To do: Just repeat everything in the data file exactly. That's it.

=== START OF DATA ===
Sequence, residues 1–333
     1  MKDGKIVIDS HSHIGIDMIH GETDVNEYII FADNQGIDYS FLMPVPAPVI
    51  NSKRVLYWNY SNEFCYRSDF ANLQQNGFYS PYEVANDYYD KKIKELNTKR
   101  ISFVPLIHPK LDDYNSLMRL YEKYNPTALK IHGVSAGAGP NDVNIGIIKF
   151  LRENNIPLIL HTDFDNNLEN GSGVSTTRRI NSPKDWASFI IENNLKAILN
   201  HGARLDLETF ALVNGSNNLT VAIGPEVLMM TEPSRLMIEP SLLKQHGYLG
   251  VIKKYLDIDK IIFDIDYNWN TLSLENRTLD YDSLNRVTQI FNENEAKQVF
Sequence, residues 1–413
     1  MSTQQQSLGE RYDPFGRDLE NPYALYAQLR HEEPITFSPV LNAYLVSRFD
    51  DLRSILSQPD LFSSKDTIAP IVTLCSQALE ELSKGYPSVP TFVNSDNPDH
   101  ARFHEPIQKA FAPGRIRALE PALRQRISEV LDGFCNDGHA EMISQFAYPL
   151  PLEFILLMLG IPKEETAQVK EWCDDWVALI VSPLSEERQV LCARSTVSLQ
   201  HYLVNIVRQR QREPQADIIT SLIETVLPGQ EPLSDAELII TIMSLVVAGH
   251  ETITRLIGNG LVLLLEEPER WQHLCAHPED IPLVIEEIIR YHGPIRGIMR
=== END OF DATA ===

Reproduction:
Sequence, residues 1–333
     1  MKDGKIVIDS HSHIGIDMIH GETDVNEYII FADNQGIDYS FLMPVPAPVI
    51  NSKRVLYWNY SNEFCYRSDF ANLQQNGFYS PYEVANDYYD KKIKELNTKR
   101  ISFVPLIHPK LDDYNSLMRL YEKYNPTALK IHGVSAGAGP NDVNIGIIKF
   151  LRENNIPLIL HTDFDNNLEN GSGVSTTRRI NSPKDWASFI IENNLKAILN
   201  HGARLDLETF ALVNGSNNLT VAIGPEVLMM TEPSRLMIEP SLLKQHGYLG
   251  VIKKYLDIDK IIFDIDYNWN TLSLENRTLD YDSLNRVTQI FNENEAKQVF
Sequence, residues 1–413
     1  MSTQQQSLGE RYDPFGRDLE NPYALYAQLR HEEPITFSPV LNAYLVSRFD
    51  DLRSILSQPD LFSSKDTIAP IVTLCSQALE ELSKGYPSVP TFVNSDNPDH
   101  ARFHEPIQKA FAPGRIRALE PALRQRISEV LDGFCNDGHA EMISQFAYPL
   151  PLEFILLMLG IPKEETAQVK EWCDDWVALI VSPLSEERQV LCARSTVSLQ
   201  HYLVNIVRQR QREPQADIIT SLIETVLPGQ EPLSDAELII TIMSLVVAGH
   251  ETITRLIGNG LVLLLEEPER WQHLCAHPED IPLVIEEIIR YHGPIRGIMR